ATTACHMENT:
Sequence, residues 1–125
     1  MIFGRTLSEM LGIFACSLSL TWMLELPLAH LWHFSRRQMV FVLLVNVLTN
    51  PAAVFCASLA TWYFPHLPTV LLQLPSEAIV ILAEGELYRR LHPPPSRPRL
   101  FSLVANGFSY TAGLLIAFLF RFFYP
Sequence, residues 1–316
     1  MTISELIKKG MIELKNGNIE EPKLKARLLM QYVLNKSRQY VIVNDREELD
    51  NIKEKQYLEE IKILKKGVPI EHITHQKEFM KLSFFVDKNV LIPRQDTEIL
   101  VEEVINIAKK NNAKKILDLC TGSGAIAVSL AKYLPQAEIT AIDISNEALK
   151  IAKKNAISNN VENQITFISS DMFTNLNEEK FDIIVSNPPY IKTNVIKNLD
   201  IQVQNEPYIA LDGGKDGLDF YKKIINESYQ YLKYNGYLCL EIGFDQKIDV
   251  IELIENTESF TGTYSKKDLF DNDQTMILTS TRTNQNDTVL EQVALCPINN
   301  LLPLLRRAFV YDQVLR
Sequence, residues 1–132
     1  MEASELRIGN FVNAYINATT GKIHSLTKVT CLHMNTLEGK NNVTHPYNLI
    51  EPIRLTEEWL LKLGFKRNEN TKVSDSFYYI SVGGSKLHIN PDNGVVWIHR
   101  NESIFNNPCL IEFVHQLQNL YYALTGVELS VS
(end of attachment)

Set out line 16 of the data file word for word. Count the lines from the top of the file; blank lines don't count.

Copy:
   101  NESIFNNPCL IEFVHQLQNL YYALTGVELS VS